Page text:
Theater For Lunch
Food for Thought brings the concept of dinner theater to the lunch table at the
National Arts Club.
[Ed. Note: This TheaterMania article originally appeared in November 2000, when Food For Thought began at The Producer's Club. In light of the popular series' reopening at the National Arts Club this month, here is a revised version of the piece. Bon appetit!]
What do you do when you break for lunch? Talk on the phone? Read a newspaper? Stand on line for half-an-hour at the bank? Here's an alternative: See a one-act play, and get a gourmet lunch in the bargain.
This is a way to feed both the stomach and the soul, and get yourself back to work with your brain fully exercised. The idea of playwright (and now producer) Susan Charlotte, Food For Thought: Lunch Hour Theatre is one that stage folks are literally eating up. In the scant few months since she had her brainstorm, Charlotte has enticed some of Broadway and Off-Broadway's most talented writers and actors to participate. Food For Thought allows you to sample new or rarely seen work by such writers as Arthur Miller, John Guare, and Richard Wesley, and to savor the performances of the likes of Judith Light, Kate Burton, Judith Ivey, Robert LuPone, and Rita Moreno.
The idea for the series came to Charlotte, as most ideas do, out of necessity. The playwright had written a one-act called Love Divided By and she was looking for a company to put it up. To her surprise, she says, "I couldn't find any venues other than festivals that featured short plays." So she did what many thwarted playwrights think about doing: She created her own producing venue.
Once Charlotte had the idea to combine readings of a series of short plays with food service, the project mushroomed (you'll excuse the expression). Several writers with whom she discussed her vision immediately volunteered their plays. It was if a light bulb suddenly went on over everyone's collective head: Here was a way to create an outlet for one-acts where one had never existed before.
"As soon as we got playwrights like Peter Stone and Edward Pomerantz involved, the acting talent was astonishingly easy to attract," says Charlotte, who was knocked out by the fierce commitment the actors brought to the project. By way of example, she notes that "Blair Brown was among the first actors to volunteer, and she agreed to do it despite the fact that she was then starring in Copenhagen on Broadway and flying off to Liverpool to shoot scenes for a film. She actually arranged her filming around her Food for Thought play dates, rather than the other way around!" As the acting ranks filled, Charlotte was particularly pleased with the extraordinary camaraderie of the troupe. "There were no egos, no star turns," she says. "They just wanted to make sure that everyone who wanted to work on these one-acts could be accommodated with the plays and the dates of their choice."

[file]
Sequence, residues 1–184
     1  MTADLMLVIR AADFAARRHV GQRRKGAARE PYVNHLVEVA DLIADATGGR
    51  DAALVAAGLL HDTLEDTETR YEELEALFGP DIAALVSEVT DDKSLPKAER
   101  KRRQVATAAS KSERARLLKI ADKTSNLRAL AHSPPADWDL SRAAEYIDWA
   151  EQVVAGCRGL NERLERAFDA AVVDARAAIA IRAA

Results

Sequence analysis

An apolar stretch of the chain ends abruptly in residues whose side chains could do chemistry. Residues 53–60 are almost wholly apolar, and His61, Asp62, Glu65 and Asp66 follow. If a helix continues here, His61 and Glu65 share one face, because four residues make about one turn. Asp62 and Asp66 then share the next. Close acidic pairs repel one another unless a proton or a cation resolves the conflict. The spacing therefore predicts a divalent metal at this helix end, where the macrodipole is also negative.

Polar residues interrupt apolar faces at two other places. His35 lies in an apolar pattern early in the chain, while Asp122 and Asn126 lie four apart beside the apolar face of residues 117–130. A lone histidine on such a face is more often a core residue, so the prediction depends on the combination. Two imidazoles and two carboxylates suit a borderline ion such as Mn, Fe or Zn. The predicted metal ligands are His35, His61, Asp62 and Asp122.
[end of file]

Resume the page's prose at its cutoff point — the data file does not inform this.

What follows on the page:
One of the keys to the virtual overnight success of Food for Thought was Charlotte's alliance with Kenneth Martin, manager of the Producer's Club on West 44th Street. Martin was so enthusiastic about the idea that he not only offered his stage to the fledgling series, he came on board as a producer. As the series grew in size and ambition, more help was needed, and in stepped yet another valuable producer: Harold Thau, whose impressive credits include the original New York production of Sam Shepard's True West. At this writing, still others in the theatrical community are jumping onto the Food for Thought bandwagon (or is that chuck wagon?). The buzz on the series is so great that the William Morris Agency is actively steering many of its New York-based actors and writers toward it.